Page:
damaged. He did manage to navigate her into the harbor, but she began taking on water and it wasn’t long before the vessel sank to the bottom of the sea with its precious load. It was almost a full millennium before this 16 m. vessel was brought back to the surface, when Prof. George Bass, along with a team of Turkish and American underwater archaeologists, accomplished this task in 1979. Today, the ship along with all its contents is on display at the Bodrum Museum of Underwater Archaeology.

The ancient town of Kasara is located above Serce Limani, which most likely was the harbor of this ancient town. Kasara means “the Big Village of the Mother Goddess.” Other than a few wall remnants, nothing else remains of this ancient town.

Çiftlik Limani is located one nautical mile NE of Ince Burun, whereas Çiftlik Adasi is situated in front of this beautiful bay with its wide beach. This island facilitates relative protection for the bay from prevailing NW and SE winds. There is a holiday village at the B end of this round bay, whereas hotels and restaurants are found in the middle. The concrete pier in front of the holiday village belongs to the hotel. There are steel piers in front of the restaurants in the bay. You can secure your yacht along one of the piers in this beautiful bay and dine in one of the restaurants here.

Kadirga Burnu
Kadirga Burnu, where a lighthouse and a cottage for the lighthouse operators are situated. Kadirga Limani is right behind the cape. This is also known as ‘Çayagiz Koyu.’ There are submerged rocks in front of Kadirga Limani’s other cape. There are two inlets in the wide bay between the two capes. You can pitch your anchor overboard in the S inlet to a depth of 6 m. and tie your yacht to the shore. This location is closed off from all winds and exposed to the NW and B. You can navigate between the mainland and an island situated in front of the N cape of the bay. This is an ideal spot for those who like to swim.

Kumlu Bükü
Kumlu Bükü is a bay comprised mostly of sandy beach, hence the name ‘Kumlu Bükü.’ This beautiful wide bay, which is surrounded by tree covered mountains is one of the few bays with a freshwater spring. However, the bay is exposed to the N, and is affected by reverse winds. Winds blowing from the SE stir up rough waves in the bay. Nevertheless, this is one of the most ideal bays to drop anchor whenever there aren’t any strong winds gusting. Several mooring spots are found in Kumlu Bükü, which is very close to Marmaris. For instance, there is a small cove at the SE point of the bay that is striking for its crystal clear water. Shaded by pine trees, this cove is convenient for mooring in that you can drop anchor in 4 - 5 m. of water and tie a line to shore. Here, you will find the freshwater spring here as well as there are a few motels and restaurants located in the bay. One can take advantage of their services by mooring up alongside the piers. Daily excursion tour boats stop here for meal breaks, whereas sunseekers can catch some rays on the wide beach and take a dip in the sea to cool off.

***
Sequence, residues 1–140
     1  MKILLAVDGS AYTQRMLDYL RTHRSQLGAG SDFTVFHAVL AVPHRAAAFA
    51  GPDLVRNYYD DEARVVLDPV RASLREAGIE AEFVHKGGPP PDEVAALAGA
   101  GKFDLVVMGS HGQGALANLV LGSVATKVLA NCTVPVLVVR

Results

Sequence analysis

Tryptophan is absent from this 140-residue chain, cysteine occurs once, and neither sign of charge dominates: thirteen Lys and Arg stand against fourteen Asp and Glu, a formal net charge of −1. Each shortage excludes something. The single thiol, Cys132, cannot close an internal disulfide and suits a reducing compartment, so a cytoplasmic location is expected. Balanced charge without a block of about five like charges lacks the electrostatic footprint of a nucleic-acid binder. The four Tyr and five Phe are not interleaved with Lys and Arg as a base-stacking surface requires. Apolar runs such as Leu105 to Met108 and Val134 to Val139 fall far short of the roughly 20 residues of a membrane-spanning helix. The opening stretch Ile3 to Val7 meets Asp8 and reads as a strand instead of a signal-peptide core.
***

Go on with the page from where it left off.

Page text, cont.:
The ruins of an ancient city called Amos are situated on top of Kumlu Bükü’s N cape. You can trek up the hill to check out these ruins from the point where the beach ends. Here, you will see a fortification wall measuring 1.83 m. thick and 3-3.5 m. high. The N side of this wall, which was constructed in the Cyclopean style, was reinforced with numerous ramparts. You can see that its gate was on this side. This wall along with all the other edifices in Amos date to the Hellenistic Period.

Turunc Bükü
The closest bay to Marmaris is that of Turunc Bükü, situated at a distance of two nautical miles outside Kumlu Bükü. Because of the cape situated in front, Turunc Bükü is regarded as a safe haven from prevailing winds. One can navigate into the bay by sailing between the island of Kargatasi and the mainland. There is a reef off the shore of the mainland, about half a nautical mile NW of this island.


As this quaint district, which is surrounded by green pine forests, was established directly over the ancient city of Phychos we do not have much information about the ancient site. However, from what we gather from a certain inscription, Phychos existed during the time of Alexander the Great, whereby the acropolis of this city was established one kilometer N of Marmaris on a low hill called Asartepe. Though it wasn’t long ago when there were visible remains of the ancient fortification wall, which was erected in the Classic and Hellenistic Periods, nothing can be seen of it today. After the death of Alexander, the Marmaris region was annexed to the Pergamon Kingdom, then it was captured by the Romans, Byzantines, the Mentese Beylik and then the Ottomans, respectively.

Among the few historical buildings found in Marmaris today, are a castle, which was built in 1557 and recently restored, a mosque in Kemeralti District, which was built by Mengelizade Ibrahim Aga in 1789 as well as a caravanserai which was constructed in 1545. This stone inn with brick vaults was erected on the road to Mugla during the reign of Süleyman the Magnificent in the military campaign against Rhodes. Located near the old junior high school is the Degirmen Brook Bridge, which was also erected during the time of Süleyman the Magnificent.

If you have the time, we recommend that you check out Sedir Adasi, as well as Karacasögüt, where you can see ancient theaters, temples and fortification walls. As you come out the bay, your boat will manuever past Keci Adasi and Yildiz Adasi, otherwise known as Nimara to call on Alkaya Cave. Then you will sail out to Kumlubük where to take a break of a couple of hours for lunch and an afternoon swim in the sea. Straight up from the pier are the Amos Ruins, which are situated on Asartepe.

With its styrax forest in the middle of the city, excursion trips taken with motorboats and its natural beauty, Marmaris is an ideal spot for rest and relaxation. In addition, the town, which is complimented with wonderful nearby bays such as Sedir Adasi, Karacasögüt, Mersincik, Hisarönü, is a paradise on earth.

Reference : "Paradise Preserved" by Ilhan Aksit